Last week, Counter-Strike: Global Offensive received an update that came with a massive change to skin trading.
Skin trading and the economy around it are big parts of Counter-Strike: Global Offensive for many players. If it’s not YouTubers scamming their viewers and endorsing gambling sites, it’s regular players whose livelihood relies on trading skins on third-party sites.
It was only a matter of time before Valve did something about all that, and last week, it has. In an effort to prevent scams and cut down on fraud, Valve is extending its seven-day trade cooldown to CS:GO items (including skins) received in trades.
In other words, players will have to wait seven days before the item they just received in a trade can be traded again or sold through the marketplace. Skins bought on the Steam Market already have this limitation, but trades between players were exempt from this cooldown.
This allowed skin trading sites, fraudulent or not, to offer their customers instantaneous access to skins they bid on, win, or otherwise receive as part of trades. Bots would message players on Steam and complete these transactions quickly, ensuring the value of the item is not affected.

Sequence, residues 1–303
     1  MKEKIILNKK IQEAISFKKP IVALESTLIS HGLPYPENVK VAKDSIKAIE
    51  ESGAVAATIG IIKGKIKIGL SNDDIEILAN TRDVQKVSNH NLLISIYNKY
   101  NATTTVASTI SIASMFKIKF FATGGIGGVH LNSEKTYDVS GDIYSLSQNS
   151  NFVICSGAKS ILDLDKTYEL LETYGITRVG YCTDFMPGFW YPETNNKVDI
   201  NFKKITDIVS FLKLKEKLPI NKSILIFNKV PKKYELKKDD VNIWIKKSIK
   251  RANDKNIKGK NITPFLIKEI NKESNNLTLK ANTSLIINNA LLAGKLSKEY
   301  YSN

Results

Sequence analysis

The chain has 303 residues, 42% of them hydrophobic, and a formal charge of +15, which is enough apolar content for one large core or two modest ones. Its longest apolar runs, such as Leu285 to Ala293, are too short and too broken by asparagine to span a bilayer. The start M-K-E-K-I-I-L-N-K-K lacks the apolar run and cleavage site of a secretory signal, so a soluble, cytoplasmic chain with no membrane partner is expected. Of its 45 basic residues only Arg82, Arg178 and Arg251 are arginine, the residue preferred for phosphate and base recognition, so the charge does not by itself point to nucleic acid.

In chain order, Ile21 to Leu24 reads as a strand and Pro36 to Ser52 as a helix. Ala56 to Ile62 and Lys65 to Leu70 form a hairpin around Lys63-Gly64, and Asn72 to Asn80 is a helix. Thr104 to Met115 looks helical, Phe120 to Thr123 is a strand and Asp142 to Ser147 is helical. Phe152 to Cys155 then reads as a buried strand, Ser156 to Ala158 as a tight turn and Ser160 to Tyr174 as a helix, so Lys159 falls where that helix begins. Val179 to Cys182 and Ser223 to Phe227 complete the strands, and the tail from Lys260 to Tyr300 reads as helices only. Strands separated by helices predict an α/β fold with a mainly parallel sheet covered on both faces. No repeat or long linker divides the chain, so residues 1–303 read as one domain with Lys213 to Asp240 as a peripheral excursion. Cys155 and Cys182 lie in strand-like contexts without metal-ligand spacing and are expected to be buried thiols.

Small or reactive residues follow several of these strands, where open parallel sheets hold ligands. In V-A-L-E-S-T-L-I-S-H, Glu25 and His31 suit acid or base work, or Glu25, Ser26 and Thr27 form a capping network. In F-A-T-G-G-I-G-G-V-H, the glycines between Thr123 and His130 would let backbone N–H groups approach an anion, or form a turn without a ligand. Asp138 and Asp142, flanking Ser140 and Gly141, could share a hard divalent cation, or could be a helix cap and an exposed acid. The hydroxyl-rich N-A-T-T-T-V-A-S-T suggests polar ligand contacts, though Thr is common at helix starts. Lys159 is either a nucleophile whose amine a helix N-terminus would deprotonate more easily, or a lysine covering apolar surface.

The biggest reason why these exist in the first place is that they allow players who own expensive or rare skins to cash out. Instead of getting Steam Wallet funds by selling their items on the Steam Market, these sites instead offer PayPal transfers.
This change will likely not remove the need for their existence altogether, but it will hit their business model hard, particularly when it comes to volatile prices for some skins.
“Some of these third party services have become a vector for fraud or scams,” Valve said in a blog post.
“Unlike players, these services rely on the ability to trade each item very frequently. In contrast, a given item moves between actual players no more than once a week in the vast majority of cases.”
“We realise today’s change may also be disruptive to some players. We’ll continue to evaluate trading policies as time goes on,” added Valve.
Predictably, this has not gone down well with a segment of the game’s player base. Many YouTubers and community traders whose businesses rely on the immediacy of trading have proclaimed it the end of CS:GO skin trading.
Some started a petition asking Valve to reverse its decision, one that has amassed over 113,000 signatures at the time of writing. Others were quick to point out that this change won’t prevent scams.
Only time will tell what the real motivation behind this change was, and if it is in fact changing the game’s lucrative skin trading forever.